Most Doctors Will Face Malpractice Suit, AMA Says
Side Note: This article reports on newly released data from the AMA. The AMA’s survey collected a variety of information on malpractice cases from a large number of physicians. The results showed that a sizable majority of physicians over 55 have been sued, and that a majority of doctors will probably be sued in their careers. The survey confirmed some trends in malpractice cases, finding that obstetrics and surgery are still the highest-risk specialties and that family medicine and psychiatry present lower exposure to lawsuits. One interesting finding was that men are twice as likely as women to be sued, probably due at least in part to the fact that they are overrepresented in high-risk specialties. This data confirms a dangerous trend toward an ever more litigious society at a time when health care costs are already skyrocketing. This trend will exacerbate the problem of defensive medicine, costing consumers billions of dollars. Meaningful tort reform can help reverse this troubling course, so it is vital that physicians and health care consumers lobby their representatives in Congress to pass measures like caps on non-economic damages, decreased statutes of limitations and more stringent qualifications for expert witnesses.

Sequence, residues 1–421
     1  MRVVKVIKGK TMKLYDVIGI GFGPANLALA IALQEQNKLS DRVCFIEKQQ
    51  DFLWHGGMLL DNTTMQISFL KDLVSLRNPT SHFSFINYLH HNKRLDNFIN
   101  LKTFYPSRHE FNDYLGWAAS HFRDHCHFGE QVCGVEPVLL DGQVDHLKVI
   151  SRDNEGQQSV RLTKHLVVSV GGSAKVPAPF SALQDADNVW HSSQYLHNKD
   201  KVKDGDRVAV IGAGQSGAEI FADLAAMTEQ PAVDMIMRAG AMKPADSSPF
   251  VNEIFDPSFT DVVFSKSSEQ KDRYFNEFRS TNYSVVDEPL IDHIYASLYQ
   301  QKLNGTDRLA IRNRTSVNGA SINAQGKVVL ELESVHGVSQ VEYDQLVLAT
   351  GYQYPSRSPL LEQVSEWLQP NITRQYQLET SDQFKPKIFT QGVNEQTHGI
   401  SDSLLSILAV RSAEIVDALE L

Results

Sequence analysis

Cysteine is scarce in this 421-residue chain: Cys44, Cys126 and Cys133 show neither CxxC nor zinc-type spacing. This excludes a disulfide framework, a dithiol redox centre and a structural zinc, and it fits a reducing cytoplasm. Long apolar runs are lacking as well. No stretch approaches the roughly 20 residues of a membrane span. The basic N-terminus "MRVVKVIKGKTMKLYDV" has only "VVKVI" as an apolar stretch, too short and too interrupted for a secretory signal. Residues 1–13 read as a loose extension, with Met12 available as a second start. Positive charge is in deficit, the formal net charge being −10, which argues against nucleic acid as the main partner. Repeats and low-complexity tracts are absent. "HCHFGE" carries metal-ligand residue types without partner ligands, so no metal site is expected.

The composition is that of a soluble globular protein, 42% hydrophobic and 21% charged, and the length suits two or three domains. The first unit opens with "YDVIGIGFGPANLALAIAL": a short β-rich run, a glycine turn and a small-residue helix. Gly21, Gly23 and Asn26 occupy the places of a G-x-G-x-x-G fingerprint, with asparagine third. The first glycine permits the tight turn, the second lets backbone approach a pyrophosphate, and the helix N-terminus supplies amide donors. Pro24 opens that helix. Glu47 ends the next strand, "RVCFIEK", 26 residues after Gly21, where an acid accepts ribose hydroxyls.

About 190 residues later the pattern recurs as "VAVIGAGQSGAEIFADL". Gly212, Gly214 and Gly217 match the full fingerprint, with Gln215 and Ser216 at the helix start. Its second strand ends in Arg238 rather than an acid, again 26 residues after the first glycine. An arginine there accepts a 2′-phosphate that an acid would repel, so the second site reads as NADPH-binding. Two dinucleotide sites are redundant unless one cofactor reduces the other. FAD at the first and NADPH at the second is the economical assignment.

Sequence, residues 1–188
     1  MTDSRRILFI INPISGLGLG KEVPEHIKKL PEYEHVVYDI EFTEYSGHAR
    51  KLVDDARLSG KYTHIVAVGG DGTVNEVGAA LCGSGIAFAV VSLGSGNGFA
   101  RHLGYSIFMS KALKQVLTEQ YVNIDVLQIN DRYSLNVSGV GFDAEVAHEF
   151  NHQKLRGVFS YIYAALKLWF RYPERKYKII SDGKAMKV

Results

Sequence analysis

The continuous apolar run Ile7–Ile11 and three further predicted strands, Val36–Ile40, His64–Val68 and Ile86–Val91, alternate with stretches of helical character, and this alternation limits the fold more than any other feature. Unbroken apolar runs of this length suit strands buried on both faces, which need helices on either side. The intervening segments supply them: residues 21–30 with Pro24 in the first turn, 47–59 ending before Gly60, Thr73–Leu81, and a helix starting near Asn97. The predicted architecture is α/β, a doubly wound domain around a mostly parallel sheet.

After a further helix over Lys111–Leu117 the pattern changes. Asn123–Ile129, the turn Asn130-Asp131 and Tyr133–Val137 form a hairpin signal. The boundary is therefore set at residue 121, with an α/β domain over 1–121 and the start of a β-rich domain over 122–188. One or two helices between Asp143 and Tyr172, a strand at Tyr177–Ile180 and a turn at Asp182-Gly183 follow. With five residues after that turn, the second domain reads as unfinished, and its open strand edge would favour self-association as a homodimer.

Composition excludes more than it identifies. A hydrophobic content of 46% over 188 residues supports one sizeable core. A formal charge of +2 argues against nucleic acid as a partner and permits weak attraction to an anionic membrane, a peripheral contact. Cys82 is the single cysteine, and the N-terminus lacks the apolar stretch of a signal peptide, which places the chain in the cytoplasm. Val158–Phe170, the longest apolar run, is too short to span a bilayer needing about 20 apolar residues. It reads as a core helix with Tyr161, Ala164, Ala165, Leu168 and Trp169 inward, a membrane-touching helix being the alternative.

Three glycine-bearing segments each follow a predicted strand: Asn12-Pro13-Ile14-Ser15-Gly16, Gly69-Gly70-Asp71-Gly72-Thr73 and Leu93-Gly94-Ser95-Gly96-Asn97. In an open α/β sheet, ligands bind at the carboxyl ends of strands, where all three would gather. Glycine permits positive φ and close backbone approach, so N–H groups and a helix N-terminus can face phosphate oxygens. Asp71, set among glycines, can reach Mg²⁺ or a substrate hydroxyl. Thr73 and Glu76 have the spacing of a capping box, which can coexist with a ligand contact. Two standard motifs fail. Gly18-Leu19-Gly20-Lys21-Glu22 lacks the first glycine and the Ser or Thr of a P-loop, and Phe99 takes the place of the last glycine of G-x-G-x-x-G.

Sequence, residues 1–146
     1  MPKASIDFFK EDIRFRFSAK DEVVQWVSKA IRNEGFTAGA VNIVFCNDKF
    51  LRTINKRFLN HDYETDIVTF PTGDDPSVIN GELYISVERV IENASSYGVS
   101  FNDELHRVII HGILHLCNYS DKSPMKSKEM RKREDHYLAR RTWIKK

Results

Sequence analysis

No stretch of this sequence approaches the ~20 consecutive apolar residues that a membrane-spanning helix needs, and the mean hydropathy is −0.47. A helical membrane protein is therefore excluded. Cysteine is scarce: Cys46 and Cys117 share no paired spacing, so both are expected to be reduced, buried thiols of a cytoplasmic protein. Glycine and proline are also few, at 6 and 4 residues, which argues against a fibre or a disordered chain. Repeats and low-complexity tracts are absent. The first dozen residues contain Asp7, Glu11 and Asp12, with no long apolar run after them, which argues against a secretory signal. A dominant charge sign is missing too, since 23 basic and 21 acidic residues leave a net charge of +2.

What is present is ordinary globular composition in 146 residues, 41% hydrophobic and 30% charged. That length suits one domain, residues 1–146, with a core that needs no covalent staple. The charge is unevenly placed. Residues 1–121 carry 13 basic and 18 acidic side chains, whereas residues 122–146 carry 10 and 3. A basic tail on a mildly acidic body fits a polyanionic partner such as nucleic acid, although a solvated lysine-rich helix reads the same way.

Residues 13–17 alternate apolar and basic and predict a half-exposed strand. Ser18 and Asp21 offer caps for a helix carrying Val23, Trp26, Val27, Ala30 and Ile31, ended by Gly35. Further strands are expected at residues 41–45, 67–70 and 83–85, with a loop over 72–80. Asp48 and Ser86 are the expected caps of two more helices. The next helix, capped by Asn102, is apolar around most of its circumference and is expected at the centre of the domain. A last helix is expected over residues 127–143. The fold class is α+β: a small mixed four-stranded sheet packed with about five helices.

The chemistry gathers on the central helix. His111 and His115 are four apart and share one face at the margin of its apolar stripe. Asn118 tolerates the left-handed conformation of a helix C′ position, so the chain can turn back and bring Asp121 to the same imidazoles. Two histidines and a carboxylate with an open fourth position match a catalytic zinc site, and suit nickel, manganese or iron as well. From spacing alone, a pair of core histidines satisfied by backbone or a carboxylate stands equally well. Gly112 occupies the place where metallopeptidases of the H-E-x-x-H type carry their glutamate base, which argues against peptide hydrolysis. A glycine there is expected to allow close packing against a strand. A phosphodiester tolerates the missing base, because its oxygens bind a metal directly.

by Emily Walker
WASHINGTON — More than 60 percent of doctors over the age of 55 have been sued at least once, according to a new survey by the American Medical Association (AMA).
Although most of those claims are dropped or dismissed, the new survey from the AMA shows that most physicians will be sued for malpractice at some point in their careers. This works out to an average of 95 medical malpractice lawsuits having been filed for every 100 physicians now in practice, according to the association.
“This litigious climate hurts patients’ access to physician care at a time when the nation is working to reduce unnecessary health care costs,” said AMA immediate past president Dr. J. James Rohack in a prepared statement.